You’ll also need to memorise a few quotations for each character and theme, so that you can back up the points you make.

Revision for English Literature GCSE

5. Practise analysing unseen poetry

Alongside the texts you know will come up, you’ll also need to write about unseen poems – meaning poems you’ve never seen before the exam.

We know what you’re thinking: how am I meant to revise for something I can’t see?

Well, the key is to develop the skills you’ll need and to practise. This means ensuring you’re confident writing about a poem’s:

  • Context

  • Meaning

  • Form

  • Structure

  • Language

  • Imagery

  • Themes

  • Rhyme and rhythm

You should also be familiar with different poetry methods and language techniques. 

For instance, are you able to identify enjambement (when a sentence runs into the next line or stanza), alliteration (where words begin with the same letter), onomatopoeia (where words sound like the noise they describe) and personification (giving ideas or objects human qualities)?

Reading as much poetry from different poets as possible will help you get used to understanding and analysing unseen poems, which will stand you in good stead for Paper 2.

6. Use GCSE English Literature revision guides and resources

There are tons of GCSE English Literature revision guides and resources available to help you pass the exam.

And we don’t just mean your exam board’s revision guide.

Rather, you’ll find useful resources everywhere – from YouTube videos to podcasts and dedicated websites like Teachit.

A GCSE English tutor will be able to point you towards the best resources to help you while you’re not being tutored too.

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7. Regularly attempt English Literature GCSE past papers

English Literature GCSE past papers and practice questions are a must when it comes to preparing for your exam.

Not only will they give you a good idea of the types of questions you’re likely to come across in the real thing. But when you come to mark your answers, you’ll also get a clear idea of where you need to improve.

As your English Literature GCSE exam gets closer, be sure to regularly answer past papers under exam conditions.

This way, you’ll be able to develop invaluable exam techniques such as time management and dealing with pressure – giving you the best chance of feeling confident when the big day rolls around.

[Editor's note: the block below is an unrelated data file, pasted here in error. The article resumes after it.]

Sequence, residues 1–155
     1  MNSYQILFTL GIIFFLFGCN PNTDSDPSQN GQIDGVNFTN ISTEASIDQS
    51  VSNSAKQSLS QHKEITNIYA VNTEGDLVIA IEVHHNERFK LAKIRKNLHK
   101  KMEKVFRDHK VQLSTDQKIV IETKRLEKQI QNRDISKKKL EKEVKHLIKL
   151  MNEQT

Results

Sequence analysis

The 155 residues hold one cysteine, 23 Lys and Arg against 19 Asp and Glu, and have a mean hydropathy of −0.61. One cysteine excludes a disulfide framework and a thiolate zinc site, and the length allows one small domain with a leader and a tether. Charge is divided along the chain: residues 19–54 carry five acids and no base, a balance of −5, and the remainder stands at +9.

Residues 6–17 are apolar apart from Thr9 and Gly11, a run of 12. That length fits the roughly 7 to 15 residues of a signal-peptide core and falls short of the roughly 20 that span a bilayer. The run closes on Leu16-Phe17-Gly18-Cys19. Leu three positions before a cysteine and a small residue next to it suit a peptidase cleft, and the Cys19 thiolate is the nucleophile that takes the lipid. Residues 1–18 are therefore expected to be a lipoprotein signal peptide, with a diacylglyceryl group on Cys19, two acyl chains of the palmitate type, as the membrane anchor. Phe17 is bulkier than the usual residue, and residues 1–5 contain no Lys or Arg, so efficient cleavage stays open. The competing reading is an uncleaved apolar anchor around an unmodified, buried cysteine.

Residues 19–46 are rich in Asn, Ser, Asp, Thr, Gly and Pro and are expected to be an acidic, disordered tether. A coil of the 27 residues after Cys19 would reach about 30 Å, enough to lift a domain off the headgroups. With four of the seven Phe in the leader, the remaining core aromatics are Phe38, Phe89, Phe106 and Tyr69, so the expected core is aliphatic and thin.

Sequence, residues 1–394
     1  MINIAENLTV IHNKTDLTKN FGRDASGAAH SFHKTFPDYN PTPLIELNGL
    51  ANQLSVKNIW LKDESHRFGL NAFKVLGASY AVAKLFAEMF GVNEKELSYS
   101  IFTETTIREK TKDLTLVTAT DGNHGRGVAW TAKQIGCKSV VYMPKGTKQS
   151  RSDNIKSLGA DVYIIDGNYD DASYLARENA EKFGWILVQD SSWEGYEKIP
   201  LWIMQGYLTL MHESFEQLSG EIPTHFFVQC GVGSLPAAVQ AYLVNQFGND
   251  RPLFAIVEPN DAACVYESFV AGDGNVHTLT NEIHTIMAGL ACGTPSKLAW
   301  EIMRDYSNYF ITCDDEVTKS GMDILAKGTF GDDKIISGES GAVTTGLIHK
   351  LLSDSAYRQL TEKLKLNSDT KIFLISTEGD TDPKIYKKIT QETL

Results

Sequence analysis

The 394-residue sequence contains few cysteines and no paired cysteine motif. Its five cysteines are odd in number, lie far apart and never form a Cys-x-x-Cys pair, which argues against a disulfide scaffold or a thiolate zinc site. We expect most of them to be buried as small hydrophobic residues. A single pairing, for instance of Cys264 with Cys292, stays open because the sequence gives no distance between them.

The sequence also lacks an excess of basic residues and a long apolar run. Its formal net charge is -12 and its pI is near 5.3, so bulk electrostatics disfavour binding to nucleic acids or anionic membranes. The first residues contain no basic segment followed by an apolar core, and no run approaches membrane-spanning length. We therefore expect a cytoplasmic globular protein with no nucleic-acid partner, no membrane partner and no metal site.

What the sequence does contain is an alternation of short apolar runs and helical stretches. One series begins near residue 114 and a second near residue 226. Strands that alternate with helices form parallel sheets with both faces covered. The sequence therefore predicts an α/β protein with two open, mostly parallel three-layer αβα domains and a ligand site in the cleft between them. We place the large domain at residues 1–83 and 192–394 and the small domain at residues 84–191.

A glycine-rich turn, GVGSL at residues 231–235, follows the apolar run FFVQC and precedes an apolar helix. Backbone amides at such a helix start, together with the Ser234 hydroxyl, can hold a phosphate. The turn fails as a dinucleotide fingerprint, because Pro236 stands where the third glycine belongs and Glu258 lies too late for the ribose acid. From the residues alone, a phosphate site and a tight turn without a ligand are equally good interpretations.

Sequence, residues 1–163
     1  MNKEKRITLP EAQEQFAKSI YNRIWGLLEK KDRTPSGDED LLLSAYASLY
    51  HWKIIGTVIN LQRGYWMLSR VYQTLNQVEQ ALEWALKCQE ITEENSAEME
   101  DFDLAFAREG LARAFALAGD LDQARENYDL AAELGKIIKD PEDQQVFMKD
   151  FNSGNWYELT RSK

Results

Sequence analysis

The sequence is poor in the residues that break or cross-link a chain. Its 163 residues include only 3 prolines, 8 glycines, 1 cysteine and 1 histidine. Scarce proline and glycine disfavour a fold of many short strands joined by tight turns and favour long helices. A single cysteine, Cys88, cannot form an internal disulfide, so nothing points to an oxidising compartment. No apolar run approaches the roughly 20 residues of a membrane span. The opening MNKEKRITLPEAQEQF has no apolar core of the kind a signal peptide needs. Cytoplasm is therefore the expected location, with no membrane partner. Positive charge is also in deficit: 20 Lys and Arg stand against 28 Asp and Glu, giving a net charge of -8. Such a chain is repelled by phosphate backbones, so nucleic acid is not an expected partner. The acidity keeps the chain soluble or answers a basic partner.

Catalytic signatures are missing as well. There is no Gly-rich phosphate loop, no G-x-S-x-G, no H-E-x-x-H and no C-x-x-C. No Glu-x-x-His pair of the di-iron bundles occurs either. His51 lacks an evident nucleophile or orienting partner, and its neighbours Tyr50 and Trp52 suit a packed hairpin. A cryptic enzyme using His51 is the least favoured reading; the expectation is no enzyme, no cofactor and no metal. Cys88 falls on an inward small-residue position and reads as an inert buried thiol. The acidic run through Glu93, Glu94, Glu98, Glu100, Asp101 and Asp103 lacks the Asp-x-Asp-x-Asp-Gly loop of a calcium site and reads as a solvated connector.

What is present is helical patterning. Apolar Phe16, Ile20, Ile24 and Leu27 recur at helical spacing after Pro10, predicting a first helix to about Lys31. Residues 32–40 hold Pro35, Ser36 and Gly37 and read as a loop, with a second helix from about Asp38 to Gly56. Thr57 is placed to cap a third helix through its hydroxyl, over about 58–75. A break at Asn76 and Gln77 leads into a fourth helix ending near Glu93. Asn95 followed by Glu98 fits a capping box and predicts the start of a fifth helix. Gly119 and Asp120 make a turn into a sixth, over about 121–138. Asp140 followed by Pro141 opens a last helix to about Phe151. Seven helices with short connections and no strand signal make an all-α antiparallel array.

How to pass your English Literature GCSE: exam tips

Now you know how to revise for your English Literature GCSE.

But to stand the best possible chance of passing  – and acing! – your exam, you’ll need to work on your exam technique too. Here are our top exam tips.

Plan your time

There’s a lot to get through in the English Literature GCSE exam.

The last thing you want is to run out of time halfway through. So, be sure to plan your time carefully before you start answering the questions.

As a rough guide, the less marks a question is worth, the less time you should spend on it. And vice versa.

Remember to build in time to check your answers too, and keep an eye on the clock so you know when it’s time to move onto the next question.

Annotate the extracts

In both papers, you’ll be given extracts and poems to answer questions on.

Make sure you give yourself plenty of time to read them through.

It’s a good idea to give each extract or poem a first read to get an overall understanding of it. Then, go through it in more detail and annotate it with the focus of the question in mind.

Wondering if you can write on the extracts?

You absolutely can! Don’t be afraid to scribble, draw and write all over them – whatever helps.

It can also be a good idea to highlight or underline key words in the question. This can help you to stay focused and ensure your answer is relevant.

Which brings us onto…

Read each question twice

There’s nothing worse than misreading a question in your exam.

That’s why we always recommend reading each question twice, to be absolutely certain you’ve understood it properly.

Remember, you can highlight and underline key words in the question to stay focused – like character names or themes.

And keep referring back to the question while you’re writing your answer. This will help to make sure you’re answering it fully.

Every year, pupils lose lots of marks because they accidentally try to answer questions on texts they haven’t studied. 

You might be in a rush to start writing. But it’s worth taking a bit more time to read the questions before you start so you’re not making any silly mistakes when you answer them.

Sitting English Literature GCSE

Have a go at every question

If you’re stuck on a question, you might be tempted to leave it blank.

But if you do that, you’re guaranteeing zero marks for that question. Meanwhile, if you attempt to answer it, there’s a chance you’ll be rewarded for what you write.